Anti-Lock Brake question.

In the ‘I pit traction control’ thread in the Pit, ivn1188 states that ABS does not need to lock up the tires to test the traction conditions.

Hmmm. But how can it tell what the limit is if it does not exceed it? Does it not have to lock the tire (even for a micro second) or at least slip it to determine the traction conditions?

I wonder if you need to distinguish between various methods of ABS. Old ABS was not terribly good compared to today and my sense is even today you get a variance of how well different systems perform.

In that thread someone linked this video which shows a car on snow with the “EPS” system engaged maintaing remarkable control in snow (even the driver was surprised). I am guessing that traction control and ABS systems are merging to work together more.

I do not know (not an auto engineer) but I am thinking such advanced system might well manage what you are describing by mixing ABS with traction control in a more seamless whole.

Yeah, I’m kind of curious, too, as I thought ABS was computerized cadence braking, but apparently that’s older systems. Still, I can’t see why it can’t be programmed to execute perfect or near-perfect threshold braking. I mean, how do you as a driver know where the limit is and how to stay just under it? I assume the same decision process can be programmed into a computer ABS system.

Whoops! :smack:

ABS uses wheel speed sensors. They don’t measure force. However, the system can react very quickly – surprisingly quickly – to changes in wheel speed that indicate imminent lockup or the beginning of slippage. It would not surprise me if the system could respond to a wheel slowing down (approaching lockup) before actual lockup occurred, nor if it could respond to a wheel speeding up (starting slippage) before the driver could perceive slippage.

Yeah, In my vehicle, VDC control uses ABS, and regulates engine RPM. It also uses ABS to simulate ‘posi’ traction. Braking one wheel to transfer power to the other.

GaryT Thanks for your reply. I guess if it senses all tires slowing down at the same rate, it assumes no slippage and good traction.

I was going to say what Gary said.

Here’s a good link if you want to learn more about how the system works:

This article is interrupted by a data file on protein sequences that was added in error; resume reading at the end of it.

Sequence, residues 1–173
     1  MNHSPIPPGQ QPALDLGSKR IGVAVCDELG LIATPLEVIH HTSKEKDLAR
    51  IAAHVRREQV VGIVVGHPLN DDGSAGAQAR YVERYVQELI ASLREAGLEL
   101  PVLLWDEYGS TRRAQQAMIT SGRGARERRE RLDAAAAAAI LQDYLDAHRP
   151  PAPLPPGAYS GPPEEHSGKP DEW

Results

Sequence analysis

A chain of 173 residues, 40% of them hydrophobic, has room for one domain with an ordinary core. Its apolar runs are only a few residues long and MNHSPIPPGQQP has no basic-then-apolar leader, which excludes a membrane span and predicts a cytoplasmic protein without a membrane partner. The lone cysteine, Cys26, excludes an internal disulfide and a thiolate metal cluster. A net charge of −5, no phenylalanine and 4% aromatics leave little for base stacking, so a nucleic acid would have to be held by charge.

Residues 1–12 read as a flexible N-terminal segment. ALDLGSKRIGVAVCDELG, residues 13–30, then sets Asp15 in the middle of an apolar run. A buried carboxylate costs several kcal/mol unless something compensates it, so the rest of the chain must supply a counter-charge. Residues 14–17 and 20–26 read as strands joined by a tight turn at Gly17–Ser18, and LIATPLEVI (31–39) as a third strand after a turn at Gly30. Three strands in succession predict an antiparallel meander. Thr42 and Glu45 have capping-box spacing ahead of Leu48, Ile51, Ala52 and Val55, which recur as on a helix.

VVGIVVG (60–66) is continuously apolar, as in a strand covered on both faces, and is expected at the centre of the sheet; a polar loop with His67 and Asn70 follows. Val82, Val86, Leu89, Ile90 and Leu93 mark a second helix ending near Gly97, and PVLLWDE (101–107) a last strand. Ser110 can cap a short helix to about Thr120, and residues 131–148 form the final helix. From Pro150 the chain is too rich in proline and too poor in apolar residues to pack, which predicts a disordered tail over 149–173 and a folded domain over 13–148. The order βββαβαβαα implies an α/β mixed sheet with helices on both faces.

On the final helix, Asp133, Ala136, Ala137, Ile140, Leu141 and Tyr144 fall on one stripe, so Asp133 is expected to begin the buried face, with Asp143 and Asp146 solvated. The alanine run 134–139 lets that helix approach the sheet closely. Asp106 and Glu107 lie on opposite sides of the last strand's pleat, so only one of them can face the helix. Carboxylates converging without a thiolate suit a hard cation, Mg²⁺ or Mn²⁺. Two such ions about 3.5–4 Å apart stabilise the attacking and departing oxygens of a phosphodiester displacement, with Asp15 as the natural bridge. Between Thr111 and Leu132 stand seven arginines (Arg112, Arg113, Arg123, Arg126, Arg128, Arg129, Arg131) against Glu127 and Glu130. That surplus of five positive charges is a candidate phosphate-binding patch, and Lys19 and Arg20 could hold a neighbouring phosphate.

In layman’s terms:

At each of the four wheels, there’s a speed sensor, a type of “speedometer” that communicates the speed of that particular wheel to a central control unit. (As you’ll read in the article, some simpler and/or older systems don’t have a sensor at each wheel.)

The controller’s main objective is “make sure all wheels are rolling at the same speed.”

That is, your foot’s on the brake, three of the wheels are going 40MPH, but the right-front wheel is only going 10MPH.

Now, the controller says:

“Hey, that right front wheel is going way too slowly; I’ll bet it’s locking up on ice or snow or something. Well then, I’ll reduce brake fluid pressure to that wheel a little bit so that’s going 40 again like all the others.”

And then:

“No, wait, that’s not right. Now the other three wheels are going 37MPH; I think the car’s owner must be slowing down. Well, I’ll once again adjust braking force on that right-front so that it’s going 37 like all the others.”

Of course, all of that “thinking” is going on very quickly, many times per second.

Enipla asked if the system needs to allow the car’s wheels to lock up, even for a microsecond. I really wouldn’t know about microseconds, but we at least know that after a car with ABS makes a panic stop, it doesn’t leave dotted-line skid marks, so that at least tells us something.

No dotted-line skid marks?

:slight_smile:

To be fair, that’s in snow, but I believe I have seen dotted-line skid marks on pavement before.

That image came from this page on abs.

Thanks to Chris Luongo for the informative link on ABS systems.
I was surprised to see the insurance industry statistics are not showing positive results with ABS brakes over non-ABS. That sure should change in the future as I am totally impressed with the function, and the reliability of these extremely complicated systems.
Back in the 80’s when ABS was really getting known A good friend bought a new ford pickup with 4 wheel ABS and the thing was comical :smiley: On ice it did not matter how softly one would depress the brake pedal, his truck would instantly lock up all 4 wheels for more than a second and then go into the pedal pumping operation.
He had it back to the dealer many times and was told that was normal operation.
Of course we would razz him about it witch didn’t help:o Like how can you call them anti-lock when they always lock:cool:

Anecdotally, I watched one of those “POLICE! STOP!” TV shows a few years ago that said accident investigators could still get useful information about the “shadows” left by ABS in full operation. However, it is also possible that newer systems have eliminated such shadows.